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Lena Horne in action

Posted by Wesley Morris  May 10, 2010 07:22 AM

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LenaHorne.jpgAt the movies, the young Lena Horne, who died yesterday at 92, was such a complicated star. This beautiful light-skinned black singer was as close to a white woman as most black actors could get. She was the object of desire in both "Cabin in the Sky" and "Stormy Weather," the only two movies she ever truly starred in (when it came to casting, Horne was jilted enough to make Miss Havisham look like Elizabeth Taylor). In "Cabin in the Sky," a kind of "Faust" musical from 1943, Eddie Anderson's pursuit of Horne, at the expense of the long-suffering, fuller figured, darker skinned, deeper voiced Ethel Waters, gave the film's its timeless complexion subtext. 
But Horne never pretended to be anyone she wasn't, which meant that by the 1950s, racism had more or less made her sick of Hollywood. She'd become an activist, and after a while, it was obvious she was wasting her time trying to broaden the minds of movie studio executives. Slimming her career down was her best move. Horne was one of those performers who got better, stronger with age. In front of a live audience, she was both theatrical (the stage belonged only to her) and cinematic (Mr. DeMille, she can make her own closeups, thank you).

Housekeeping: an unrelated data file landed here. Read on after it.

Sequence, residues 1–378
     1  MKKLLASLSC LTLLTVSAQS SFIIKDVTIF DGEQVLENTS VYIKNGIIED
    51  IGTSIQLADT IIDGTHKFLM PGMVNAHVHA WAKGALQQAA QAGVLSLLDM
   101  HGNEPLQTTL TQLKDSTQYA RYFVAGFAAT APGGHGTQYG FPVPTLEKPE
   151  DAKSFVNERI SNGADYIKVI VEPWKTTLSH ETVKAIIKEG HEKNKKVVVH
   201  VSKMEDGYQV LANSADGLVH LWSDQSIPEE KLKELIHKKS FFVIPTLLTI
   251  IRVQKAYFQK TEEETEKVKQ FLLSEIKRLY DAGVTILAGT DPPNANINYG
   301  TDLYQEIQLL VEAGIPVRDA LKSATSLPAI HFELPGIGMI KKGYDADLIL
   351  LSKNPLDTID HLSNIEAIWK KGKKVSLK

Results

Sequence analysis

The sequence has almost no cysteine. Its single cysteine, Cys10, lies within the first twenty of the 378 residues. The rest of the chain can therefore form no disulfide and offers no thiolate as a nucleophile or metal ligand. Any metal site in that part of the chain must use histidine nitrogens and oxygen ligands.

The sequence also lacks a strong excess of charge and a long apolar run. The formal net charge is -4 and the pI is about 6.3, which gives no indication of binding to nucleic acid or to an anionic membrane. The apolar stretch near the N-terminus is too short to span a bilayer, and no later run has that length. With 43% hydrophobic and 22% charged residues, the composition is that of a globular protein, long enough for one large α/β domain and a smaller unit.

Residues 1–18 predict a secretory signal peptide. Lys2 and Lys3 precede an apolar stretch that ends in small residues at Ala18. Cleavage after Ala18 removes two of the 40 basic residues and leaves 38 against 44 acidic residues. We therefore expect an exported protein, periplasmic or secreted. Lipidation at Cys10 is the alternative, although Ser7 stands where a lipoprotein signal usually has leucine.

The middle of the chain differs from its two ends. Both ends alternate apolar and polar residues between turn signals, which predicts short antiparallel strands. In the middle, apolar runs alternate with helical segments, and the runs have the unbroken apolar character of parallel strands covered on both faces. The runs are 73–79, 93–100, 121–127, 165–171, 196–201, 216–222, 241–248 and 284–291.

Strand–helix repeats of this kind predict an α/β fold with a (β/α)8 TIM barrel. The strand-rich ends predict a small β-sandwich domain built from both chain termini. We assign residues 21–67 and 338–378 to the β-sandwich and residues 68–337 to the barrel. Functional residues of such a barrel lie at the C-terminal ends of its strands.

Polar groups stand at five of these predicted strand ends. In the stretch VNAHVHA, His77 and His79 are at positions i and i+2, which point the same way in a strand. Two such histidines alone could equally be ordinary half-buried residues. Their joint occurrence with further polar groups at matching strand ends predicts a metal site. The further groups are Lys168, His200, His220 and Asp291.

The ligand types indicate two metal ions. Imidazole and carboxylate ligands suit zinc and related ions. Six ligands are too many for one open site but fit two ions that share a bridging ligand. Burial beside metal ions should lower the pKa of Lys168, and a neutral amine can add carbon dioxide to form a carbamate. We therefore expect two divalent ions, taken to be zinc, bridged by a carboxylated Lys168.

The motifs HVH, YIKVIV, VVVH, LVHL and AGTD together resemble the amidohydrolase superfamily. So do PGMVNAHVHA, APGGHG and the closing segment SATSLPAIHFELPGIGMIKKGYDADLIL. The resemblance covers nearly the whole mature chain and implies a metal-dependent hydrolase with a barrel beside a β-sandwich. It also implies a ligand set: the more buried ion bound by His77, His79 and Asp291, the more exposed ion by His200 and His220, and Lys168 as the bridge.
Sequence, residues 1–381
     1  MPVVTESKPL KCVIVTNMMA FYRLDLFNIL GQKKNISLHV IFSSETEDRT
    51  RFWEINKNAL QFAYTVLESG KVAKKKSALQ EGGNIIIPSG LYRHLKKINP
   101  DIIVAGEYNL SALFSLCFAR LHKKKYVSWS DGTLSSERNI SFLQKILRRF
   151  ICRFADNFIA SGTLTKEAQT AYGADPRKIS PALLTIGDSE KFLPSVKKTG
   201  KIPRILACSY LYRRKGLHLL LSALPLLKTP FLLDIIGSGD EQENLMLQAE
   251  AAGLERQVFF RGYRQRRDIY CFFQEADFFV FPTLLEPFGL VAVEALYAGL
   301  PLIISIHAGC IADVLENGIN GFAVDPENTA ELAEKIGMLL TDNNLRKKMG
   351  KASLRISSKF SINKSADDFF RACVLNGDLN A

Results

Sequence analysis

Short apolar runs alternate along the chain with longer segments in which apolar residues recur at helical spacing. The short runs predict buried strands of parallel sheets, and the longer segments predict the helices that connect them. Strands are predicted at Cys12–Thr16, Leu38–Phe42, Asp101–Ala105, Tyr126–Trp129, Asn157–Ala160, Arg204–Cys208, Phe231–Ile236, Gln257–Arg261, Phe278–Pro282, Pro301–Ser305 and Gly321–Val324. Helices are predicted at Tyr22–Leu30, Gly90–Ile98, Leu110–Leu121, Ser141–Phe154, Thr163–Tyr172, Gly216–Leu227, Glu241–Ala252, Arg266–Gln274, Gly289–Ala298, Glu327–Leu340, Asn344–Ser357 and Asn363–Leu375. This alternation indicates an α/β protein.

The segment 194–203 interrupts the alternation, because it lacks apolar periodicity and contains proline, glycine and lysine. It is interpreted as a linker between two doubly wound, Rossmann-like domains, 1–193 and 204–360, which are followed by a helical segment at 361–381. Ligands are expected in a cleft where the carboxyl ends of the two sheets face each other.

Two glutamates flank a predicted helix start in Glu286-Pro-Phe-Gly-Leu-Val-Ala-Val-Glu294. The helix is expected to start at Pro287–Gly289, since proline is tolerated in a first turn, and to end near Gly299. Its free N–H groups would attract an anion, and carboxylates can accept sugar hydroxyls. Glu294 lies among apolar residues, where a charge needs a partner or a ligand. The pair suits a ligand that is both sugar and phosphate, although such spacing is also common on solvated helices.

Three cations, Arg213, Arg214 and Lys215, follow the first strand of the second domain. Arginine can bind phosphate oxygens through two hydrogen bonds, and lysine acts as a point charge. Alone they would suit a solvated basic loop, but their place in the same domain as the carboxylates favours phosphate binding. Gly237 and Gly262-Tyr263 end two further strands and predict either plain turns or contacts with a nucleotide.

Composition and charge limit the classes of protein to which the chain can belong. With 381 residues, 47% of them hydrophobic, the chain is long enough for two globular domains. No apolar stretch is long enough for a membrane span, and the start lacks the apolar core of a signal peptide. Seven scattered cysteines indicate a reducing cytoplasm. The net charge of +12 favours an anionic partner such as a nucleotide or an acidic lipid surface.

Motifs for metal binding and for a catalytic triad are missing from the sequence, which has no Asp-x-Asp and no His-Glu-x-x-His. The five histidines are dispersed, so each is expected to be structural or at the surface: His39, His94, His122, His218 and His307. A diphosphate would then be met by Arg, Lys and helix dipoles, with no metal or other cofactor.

As a singer, she didn't have range or pyrotechnics. Her voice had drama, texture, and shape. It had character. She was a very alluring singer (defiant, sexual, wise, so amazingly cool), a very comical one, too -- she knew where the joke was in a piece of music or in the stage banter between songs. Her success as a singer proved a curious upside to racism. The roles she gave herself vocally were a lot richer than anything she would ever have played at the movies. That voice was a film unto itself.

Here it is in action.

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Ty Burr is a film critic with The Boston Globe.

Mark Feeney is an arts writer for The Boston Globe.

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Tom Russo is a regular correspondent for the Movies section and writes a weekly column on DVD releases.

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